Low Prices on Small-Screen HDTVs
You can put an HDTV in your kitchen for $200 or less.
If you have already converted your living room into a home theater (popcorn optional), you’re not alone. Two out of three U.S. households now own large, flat-panel HDTV sets, according to the NPD Group, the consumer-technology research firm. That’s bad news for manufacturers’ bottom lines, but good news for you this holiday season.
"Black Friday and the month of December -- that's when you'll find the best deals on TVs," says NPD analyst Ben Arnold. He predicts that prices on the day after Thanksgiving will be even lower than they were last year. TVs with screens that measure 32 inches to 42 inches should average from $275 to about $500.
But, says Louis Ramirez, senior features writer at Dealnews.com, there are more deals in the 42-inch category. "Even if you think you want a 32-inch TV, I recommend that you look at the 42-inchers as well."
When and what to buy. A 42-inch TV -- or even a 32-incher -- may be too large for a child's room, cramped home office, kitchen or bedroom. For those spaces, petite sets with screens ranging from 19 inches to 24 inches are a better bet. In late summer, Walmart's Web site had them for prices ranging from about $100 to $260. Samsung's 22-inch UN22D5003 -- which lists for $300 but often costs less than $200 in stores -- has a clear, crisp display and is a solid choice.
Ramirez says that the deals in November will be on what he calls third-tier brands, such as Insignia and ProScan, which often lack the display quality and features of the pricier brands, such as Samsung, Sharp and Sony. If you want a premium flat-screen TV -- no matter the size -- he advises that you shop in December because that's when those models go on sale.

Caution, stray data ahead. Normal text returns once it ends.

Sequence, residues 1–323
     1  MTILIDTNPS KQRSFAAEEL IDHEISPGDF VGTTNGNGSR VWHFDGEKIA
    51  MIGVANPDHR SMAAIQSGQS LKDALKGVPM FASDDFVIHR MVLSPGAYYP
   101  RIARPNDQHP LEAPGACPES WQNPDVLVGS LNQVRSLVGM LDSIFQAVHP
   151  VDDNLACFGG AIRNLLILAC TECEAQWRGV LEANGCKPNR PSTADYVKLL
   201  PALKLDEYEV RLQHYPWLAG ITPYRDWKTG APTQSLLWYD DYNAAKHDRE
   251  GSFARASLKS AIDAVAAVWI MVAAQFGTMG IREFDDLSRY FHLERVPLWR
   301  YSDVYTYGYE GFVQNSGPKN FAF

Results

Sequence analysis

Features to look for. Less-expensive TVs are often marked "720p," meaning that they have a screen resolution of 1280-by-720 pixels. Pricier sets are generally 1080p -- 1920-by- 1080 pixels -- and show more detail. However, for a 32-inch or smaller set, 720p resolution is good enough.
"At that size," says Ramirez, "unless you have eagle eyes, you're probably not going to tell the difference between 720p and 1080p. Plus, there aren't that many 32-inch sets that have 1080p, and you're going to pay about a $100 premium for the ones that do."
Features commonly found on 40-inch or larger sets, such as 3D and LED backlighting, may also be lacking on many small flat-screens. But you might not miss all of them. "Even in sets over 32 inches, I don't see a lot of consumers clamoring for 3D," says Arnold.
Built-in Internet access, usually via a Wi-Fi or wired connection, does make sense, however. Currently, only 5% to 10% of small TVs offer it, but, says Arnold, "I expect to see the trend going toward more of those sets being connected." If you want access to Internet-based services, such as Netflix and Hulu Plus, but your small TV lacks Wi-Fi, then a set-top box, such as Roku ($50 to $100), is an inexpensive option.
Arnold says he also expects more small sets to be equipped with applications for social media services, such as Facebook and Twitter. But, says Ramirez, "at 32 inches, you're probably looking for the cheapest TV you can get, so you're not too concerned about those features."
This article first appeared in Kiplinger's Personal Finance magazine. For more help with your personal finances and investments, please subscribe to the magazine. It might be the best investment you ever make.